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Friday, July 11, 2014

When fireworks are a little too legal

Telegraph Editorial

New Hampshire’s libertarian streak has given us a state in which neither motorcycle helmets nor seat belts are mandated to be worn by adults.

The thinking behind such a hands-off viewpoint is something of a cross between “have at it,” and “it’s your hide” ...

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New Hampshire’s libertarian streak has given us a state in which neither motorcycle helmets nor seat belts are mandated to be worn by adults.

The thinking behind such a hands-off viewpoint is something of a cross between “have at it,” and “it’s your hide”

That rationale also explains why the state allows legal fireworks, though state fire marshal Bill Degnan believes they have gotten out of hand and, as reported in a story by Dean Shalhoup in Wednesday’s Telegraph, thinks it may be time to dial back the firepower a bit.

Degnan is enough of a realist to know that an outright ban on all fireworks would never pass muster in the state, so there will be no returning to the days when waving sparklers in the air represented the high end of the legal fireworks market.

However, Degnan blames a rise in fireworks-related injuries on the Legislature’s decision to legalize reloadable, mortar-type explosives that shoot shells out of a tube high into the air, where they explode.

Unless, of course, they go off on the ground prematurely, as they did in Pelham in 2012, setting off a massive explosion that injured 13 people – including three children – damaged a home, and led to lawsuits.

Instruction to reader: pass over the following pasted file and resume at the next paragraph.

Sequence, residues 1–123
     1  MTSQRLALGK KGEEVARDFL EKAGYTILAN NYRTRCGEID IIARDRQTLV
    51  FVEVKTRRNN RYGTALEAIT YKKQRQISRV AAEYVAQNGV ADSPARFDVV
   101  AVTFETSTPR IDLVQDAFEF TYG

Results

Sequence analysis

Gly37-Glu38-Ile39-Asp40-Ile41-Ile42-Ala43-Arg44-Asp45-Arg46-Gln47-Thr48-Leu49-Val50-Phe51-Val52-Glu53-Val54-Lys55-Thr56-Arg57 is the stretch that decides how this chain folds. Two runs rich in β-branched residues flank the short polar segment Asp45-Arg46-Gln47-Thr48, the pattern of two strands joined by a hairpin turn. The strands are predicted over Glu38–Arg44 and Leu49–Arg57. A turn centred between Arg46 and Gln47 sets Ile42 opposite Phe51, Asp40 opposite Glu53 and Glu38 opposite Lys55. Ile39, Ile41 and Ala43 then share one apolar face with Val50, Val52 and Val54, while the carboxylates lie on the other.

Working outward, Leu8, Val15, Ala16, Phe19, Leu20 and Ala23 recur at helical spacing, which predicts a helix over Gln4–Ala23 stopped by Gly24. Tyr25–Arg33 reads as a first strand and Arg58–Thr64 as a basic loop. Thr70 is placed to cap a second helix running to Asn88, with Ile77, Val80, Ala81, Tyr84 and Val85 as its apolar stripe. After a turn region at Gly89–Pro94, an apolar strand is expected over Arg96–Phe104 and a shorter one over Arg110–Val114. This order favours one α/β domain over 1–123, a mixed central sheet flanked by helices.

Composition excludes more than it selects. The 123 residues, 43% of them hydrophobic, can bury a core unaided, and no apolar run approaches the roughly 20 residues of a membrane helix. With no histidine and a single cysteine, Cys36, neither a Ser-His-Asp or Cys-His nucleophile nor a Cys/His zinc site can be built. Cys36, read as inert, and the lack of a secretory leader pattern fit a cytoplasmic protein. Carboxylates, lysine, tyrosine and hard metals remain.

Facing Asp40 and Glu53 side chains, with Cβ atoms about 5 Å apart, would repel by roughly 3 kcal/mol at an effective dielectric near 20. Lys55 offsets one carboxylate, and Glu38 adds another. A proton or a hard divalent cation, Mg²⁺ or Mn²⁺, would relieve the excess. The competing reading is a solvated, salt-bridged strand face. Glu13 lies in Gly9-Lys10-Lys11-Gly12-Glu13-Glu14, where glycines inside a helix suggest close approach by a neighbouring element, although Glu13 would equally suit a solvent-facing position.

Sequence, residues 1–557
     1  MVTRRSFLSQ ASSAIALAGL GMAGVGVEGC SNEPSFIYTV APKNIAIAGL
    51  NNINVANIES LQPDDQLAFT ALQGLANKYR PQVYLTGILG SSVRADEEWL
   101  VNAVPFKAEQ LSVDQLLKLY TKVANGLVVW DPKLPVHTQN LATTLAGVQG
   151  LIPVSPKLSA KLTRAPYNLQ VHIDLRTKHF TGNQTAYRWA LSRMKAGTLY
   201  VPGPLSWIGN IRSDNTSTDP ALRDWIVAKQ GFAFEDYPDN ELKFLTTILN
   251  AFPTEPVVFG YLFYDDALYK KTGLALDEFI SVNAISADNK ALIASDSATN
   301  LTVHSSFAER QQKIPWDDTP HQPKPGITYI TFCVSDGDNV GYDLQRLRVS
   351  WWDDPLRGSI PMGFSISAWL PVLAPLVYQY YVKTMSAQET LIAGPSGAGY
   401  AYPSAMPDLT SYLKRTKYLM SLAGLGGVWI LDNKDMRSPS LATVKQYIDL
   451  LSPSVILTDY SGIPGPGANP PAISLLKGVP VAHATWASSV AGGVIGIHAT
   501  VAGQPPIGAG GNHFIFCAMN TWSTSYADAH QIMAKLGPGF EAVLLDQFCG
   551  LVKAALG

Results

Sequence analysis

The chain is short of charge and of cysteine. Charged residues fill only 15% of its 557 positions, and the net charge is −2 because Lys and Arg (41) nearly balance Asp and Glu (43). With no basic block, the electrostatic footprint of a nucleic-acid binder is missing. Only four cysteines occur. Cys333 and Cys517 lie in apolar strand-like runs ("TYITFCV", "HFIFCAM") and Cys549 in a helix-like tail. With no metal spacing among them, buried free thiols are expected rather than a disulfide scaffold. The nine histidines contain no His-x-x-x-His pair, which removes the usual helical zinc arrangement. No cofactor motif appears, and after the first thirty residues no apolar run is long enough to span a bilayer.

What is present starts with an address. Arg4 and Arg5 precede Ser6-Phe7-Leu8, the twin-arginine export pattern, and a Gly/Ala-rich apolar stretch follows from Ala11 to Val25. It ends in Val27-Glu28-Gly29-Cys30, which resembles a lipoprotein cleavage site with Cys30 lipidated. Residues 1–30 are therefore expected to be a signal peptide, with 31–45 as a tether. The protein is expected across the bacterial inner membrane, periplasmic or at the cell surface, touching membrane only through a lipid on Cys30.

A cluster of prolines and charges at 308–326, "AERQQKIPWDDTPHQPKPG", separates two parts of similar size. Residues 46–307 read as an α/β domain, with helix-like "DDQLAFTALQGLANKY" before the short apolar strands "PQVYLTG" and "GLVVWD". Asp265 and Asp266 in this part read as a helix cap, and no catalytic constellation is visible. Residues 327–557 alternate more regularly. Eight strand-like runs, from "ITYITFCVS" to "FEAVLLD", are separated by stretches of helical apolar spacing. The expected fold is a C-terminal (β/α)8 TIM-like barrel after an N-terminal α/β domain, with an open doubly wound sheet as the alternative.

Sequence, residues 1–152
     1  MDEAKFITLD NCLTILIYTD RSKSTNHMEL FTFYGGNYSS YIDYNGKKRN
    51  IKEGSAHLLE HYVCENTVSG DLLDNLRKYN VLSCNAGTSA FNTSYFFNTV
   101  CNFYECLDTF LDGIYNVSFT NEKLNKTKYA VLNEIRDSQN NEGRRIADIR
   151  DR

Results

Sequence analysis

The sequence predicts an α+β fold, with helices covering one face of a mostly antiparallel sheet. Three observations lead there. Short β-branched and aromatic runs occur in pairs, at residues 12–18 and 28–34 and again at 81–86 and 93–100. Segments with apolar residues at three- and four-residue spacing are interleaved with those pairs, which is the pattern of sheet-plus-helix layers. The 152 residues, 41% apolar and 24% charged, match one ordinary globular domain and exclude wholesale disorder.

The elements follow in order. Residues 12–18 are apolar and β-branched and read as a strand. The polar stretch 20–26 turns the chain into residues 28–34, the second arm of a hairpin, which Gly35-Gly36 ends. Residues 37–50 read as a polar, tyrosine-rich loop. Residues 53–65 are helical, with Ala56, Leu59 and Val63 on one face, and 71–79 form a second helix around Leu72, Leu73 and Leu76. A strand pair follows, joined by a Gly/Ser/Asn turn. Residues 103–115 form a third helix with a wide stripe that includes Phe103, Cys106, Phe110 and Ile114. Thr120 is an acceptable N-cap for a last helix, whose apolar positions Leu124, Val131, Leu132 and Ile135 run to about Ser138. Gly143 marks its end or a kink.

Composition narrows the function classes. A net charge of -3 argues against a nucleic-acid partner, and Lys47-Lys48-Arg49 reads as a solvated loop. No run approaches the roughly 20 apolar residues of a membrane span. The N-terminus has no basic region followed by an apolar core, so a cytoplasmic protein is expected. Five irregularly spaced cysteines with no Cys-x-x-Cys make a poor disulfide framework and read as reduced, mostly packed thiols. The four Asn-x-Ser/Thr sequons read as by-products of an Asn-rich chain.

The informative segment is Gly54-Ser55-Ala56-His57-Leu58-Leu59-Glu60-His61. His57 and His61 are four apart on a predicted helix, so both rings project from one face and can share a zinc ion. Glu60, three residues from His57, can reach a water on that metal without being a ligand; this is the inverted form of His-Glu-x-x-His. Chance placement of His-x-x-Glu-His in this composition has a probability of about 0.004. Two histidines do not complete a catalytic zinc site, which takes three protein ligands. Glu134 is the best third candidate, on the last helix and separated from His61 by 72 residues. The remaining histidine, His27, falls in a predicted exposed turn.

Pelham was the location of another accident caused by the reloadable explosives, this one last week, and the victim of that accident remains in a Boston hospital earlier this week.

Degnan believes the time has come to “bring back some sense of sanity,” and he wants the state to again ban the reusable mortar explosives. He cites statistics that show they are the leading cause of fireworks injury in New Hampshire and solidly in third place in that category nationally. The fire marshal said he can find no record of any such injuries in the state before the mortars were legalized, and 18 people have been hurt since.

The problem, he said, is that the mortar shells can be unpredictable, which all fireworks are to some degree. More than 11,000 people went to emergency rooms with fireworks-related injuries last year, and the Consumer Product Safety Commission reports that children are frequent victims.

Degnan, the fire marshal, also points out that those injuries come at a price – from medical expenses and lost work to the psychological scarring that traumatic injury can bring.

His viewpoint is about what you’d expect from someone in his position, and it is a responsible stance to take. It’s also the right one.

In the case of high-end reloadable fireworks, the evidence suggests that the danger they pose eclipses whatever utilitarian value they may contribute to our society by helping us celebrate the Fourth of July in a louder, more colorful way. Besides, there are plenty of other items on the shelf that go bang, so we would hardly be observing a silent Fourth if the mortar ban were reinstated.

It seems only a matter of time before someone in the state is killed by a fireworks accident. Fortunately, we don’t have to wait for that to happen. With sufficient evidence to warrant refreshing the ban on reloadable fireworks, we think more communities – and we have to believe Pelham would be a prime candidate – should follow the lead of those communities that have restricted what can be legally set off within their borders.

Some dangersous things , after all, are best left to professionals.